My point here is the users do not hesitate to install apps the same way they were not hesitating to run SWF file.
Also, if the app is in the app store, then it is de facto trusted, you don't have those scary warnings requiring you to input your administrator password.
Just saying' user habits towards native apps have evolved a lot, thanks to mobile, thanks to Apple (that's why it is ironic, you will see why in a moment).
What can we actually do now
So, what can yo undo if you can not publish a SWF online anymore ?
well.. you can publish it but the browser will not run it
Do you rot it to HTML5 ?
you can, but it's like writing a whole new application from scratch.
But we are in luck, we have other options, the Flash ecosystem evolved too for quite few years and brought us another runtime: Adobe AIR, this runtime is described by Adobe as an "Out of the Browser experience".
See the chose of words? OUT OF THE FUCKING BROWSER
simply put, your SWF file can run perfectly fine if not better without the browser.
Whatever apps or games you had published as a SWF or you were planing to put online, you can simply publish it as an AIR application.
And there some reflexes should kick in and I already hear you crying:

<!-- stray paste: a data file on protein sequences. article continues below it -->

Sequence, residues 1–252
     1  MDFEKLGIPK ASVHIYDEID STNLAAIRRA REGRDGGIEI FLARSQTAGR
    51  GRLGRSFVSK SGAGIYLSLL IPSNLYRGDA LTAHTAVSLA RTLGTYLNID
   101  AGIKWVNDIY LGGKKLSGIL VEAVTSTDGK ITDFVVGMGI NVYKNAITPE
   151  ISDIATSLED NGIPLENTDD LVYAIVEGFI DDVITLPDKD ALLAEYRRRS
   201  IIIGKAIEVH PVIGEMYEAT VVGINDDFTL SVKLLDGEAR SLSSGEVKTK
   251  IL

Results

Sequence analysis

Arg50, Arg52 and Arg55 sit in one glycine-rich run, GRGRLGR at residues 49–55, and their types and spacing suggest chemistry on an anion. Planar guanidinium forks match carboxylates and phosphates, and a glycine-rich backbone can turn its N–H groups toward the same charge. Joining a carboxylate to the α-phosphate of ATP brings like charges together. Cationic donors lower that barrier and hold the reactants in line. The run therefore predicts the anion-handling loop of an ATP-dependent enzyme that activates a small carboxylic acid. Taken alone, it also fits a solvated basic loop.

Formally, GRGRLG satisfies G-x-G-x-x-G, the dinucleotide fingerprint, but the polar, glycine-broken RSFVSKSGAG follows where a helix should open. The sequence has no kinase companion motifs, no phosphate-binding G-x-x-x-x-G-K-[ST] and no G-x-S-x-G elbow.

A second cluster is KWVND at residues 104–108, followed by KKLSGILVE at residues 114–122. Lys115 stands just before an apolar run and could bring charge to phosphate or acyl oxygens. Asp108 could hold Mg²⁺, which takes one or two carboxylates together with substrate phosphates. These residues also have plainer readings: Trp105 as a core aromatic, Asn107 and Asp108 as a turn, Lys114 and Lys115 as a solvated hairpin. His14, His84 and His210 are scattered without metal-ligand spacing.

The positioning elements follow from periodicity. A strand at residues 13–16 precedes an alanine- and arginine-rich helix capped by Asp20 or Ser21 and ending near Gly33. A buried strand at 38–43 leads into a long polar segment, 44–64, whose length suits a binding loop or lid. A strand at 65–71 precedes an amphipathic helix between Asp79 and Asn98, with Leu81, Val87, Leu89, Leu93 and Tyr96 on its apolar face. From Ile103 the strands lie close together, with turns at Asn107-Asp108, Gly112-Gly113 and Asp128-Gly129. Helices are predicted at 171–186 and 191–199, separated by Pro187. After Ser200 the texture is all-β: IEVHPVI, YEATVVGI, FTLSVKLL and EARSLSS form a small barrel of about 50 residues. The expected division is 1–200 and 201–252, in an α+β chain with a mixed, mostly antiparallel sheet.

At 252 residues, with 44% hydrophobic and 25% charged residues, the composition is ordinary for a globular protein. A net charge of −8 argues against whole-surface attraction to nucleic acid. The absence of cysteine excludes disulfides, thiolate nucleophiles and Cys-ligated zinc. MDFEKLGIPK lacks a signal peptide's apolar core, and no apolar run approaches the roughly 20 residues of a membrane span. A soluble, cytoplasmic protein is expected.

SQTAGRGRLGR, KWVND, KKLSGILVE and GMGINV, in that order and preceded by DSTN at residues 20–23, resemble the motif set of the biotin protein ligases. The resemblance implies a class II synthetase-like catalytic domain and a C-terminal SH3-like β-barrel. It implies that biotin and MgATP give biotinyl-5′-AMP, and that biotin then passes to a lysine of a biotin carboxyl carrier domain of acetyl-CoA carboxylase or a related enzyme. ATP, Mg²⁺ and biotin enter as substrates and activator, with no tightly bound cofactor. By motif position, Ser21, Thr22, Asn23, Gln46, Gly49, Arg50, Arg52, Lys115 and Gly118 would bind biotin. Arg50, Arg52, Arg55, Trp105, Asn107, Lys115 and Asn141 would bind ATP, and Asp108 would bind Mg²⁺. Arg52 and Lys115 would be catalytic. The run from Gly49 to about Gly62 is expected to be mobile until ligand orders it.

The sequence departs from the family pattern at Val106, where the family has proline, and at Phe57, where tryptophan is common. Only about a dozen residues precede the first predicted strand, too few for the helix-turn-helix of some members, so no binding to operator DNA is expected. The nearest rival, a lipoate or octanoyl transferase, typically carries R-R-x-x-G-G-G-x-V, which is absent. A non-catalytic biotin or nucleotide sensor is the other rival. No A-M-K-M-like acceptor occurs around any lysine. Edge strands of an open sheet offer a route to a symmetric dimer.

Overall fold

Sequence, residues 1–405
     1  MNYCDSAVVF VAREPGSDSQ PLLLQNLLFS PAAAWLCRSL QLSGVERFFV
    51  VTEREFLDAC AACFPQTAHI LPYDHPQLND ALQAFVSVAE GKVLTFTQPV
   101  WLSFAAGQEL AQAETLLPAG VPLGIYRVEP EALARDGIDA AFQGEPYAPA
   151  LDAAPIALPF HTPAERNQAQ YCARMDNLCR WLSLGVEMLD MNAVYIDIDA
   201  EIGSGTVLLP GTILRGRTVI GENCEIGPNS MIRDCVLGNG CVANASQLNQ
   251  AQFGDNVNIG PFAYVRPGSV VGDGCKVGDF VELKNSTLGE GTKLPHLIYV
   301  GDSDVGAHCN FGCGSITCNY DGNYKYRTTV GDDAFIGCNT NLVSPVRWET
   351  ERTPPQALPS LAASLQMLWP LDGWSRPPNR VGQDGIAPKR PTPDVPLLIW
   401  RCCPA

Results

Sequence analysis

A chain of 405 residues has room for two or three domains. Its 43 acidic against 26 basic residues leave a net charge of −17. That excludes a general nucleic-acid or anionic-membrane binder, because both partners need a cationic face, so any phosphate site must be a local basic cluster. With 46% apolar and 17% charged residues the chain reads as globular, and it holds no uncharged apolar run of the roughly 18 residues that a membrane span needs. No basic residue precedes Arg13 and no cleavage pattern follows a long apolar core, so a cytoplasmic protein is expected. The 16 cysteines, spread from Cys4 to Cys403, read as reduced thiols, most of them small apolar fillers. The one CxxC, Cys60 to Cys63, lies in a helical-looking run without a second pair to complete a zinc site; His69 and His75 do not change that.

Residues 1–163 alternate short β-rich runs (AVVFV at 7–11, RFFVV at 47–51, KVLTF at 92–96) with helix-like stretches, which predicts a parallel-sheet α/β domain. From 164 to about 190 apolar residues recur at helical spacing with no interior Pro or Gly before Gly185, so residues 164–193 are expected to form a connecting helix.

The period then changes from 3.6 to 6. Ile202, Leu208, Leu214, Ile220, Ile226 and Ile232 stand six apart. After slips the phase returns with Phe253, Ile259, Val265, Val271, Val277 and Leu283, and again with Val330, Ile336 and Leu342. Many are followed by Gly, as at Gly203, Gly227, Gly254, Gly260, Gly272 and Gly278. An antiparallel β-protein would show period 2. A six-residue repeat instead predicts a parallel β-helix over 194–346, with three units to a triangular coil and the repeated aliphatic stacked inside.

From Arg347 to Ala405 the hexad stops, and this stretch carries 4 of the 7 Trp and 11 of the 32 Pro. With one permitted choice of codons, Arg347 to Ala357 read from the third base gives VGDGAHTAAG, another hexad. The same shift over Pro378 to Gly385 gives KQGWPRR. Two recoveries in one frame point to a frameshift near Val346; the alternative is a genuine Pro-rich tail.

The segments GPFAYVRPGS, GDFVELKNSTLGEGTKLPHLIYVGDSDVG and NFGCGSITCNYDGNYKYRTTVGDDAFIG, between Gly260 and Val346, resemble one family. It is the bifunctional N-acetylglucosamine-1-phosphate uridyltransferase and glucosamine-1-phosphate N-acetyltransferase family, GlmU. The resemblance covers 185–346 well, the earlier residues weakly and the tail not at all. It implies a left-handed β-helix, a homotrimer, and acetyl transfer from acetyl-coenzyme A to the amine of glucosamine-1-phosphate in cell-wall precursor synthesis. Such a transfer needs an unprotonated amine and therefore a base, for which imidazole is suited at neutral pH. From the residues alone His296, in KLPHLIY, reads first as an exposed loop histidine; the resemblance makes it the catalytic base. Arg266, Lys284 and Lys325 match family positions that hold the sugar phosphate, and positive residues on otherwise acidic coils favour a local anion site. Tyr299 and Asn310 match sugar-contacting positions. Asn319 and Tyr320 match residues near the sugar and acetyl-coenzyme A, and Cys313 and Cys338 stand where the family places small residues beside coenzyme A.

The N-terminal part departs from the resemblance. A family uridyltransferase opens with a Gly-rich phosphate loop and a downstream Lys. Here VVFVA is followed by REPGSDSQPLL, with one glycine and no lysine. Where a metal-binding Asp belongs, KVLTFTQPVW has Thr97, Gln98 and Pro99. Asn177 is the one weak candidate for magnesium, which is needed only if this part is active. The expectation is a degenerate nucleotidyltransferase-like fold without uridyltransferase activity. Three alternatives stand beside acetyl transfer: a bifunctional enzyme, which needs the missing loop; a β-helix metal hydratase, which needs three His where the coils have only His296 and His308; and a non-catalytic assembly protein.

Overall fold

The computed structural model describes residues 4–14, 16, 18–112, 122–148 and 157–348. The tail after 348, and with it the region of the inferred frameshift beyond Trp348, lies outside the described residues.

"but it will not work as universally as in the browser!!"
Take a good look at what operating system can support a browser running Flash
see the Adobe Flash Player / Tech Specs
Microsoft® Windows® XP SP3 (32-bit),
Windows Vista® (32-bit),
and Windows 10
Mac OS X
Mac OS X v10.6, or later
Red Hat® Enterprise Linux® (RHEL) 5.6 or later,
openSUSE® 11.3 or later,
or Ubuntu 10.04 or later
Latest versions of Firefox or Google Chrome
See, the Flash player is not really universal, it will mainly run on popular operating systems.
And that's about where you can publish with Adobe AIR.
Porting a SWF to a desktop AIR app, if you target mainly Windows and Mac OS X is almost trivial.
For Linux, it is possible with and old AIR 2.6, but there are still another alternative.
You can perfectly publish a SWF app as a SWF embedded in a thin HTML wrapper running inside a custom browser native app, see for example: Atom Electron and in particular the doc about Using Pepper Flash Plugin.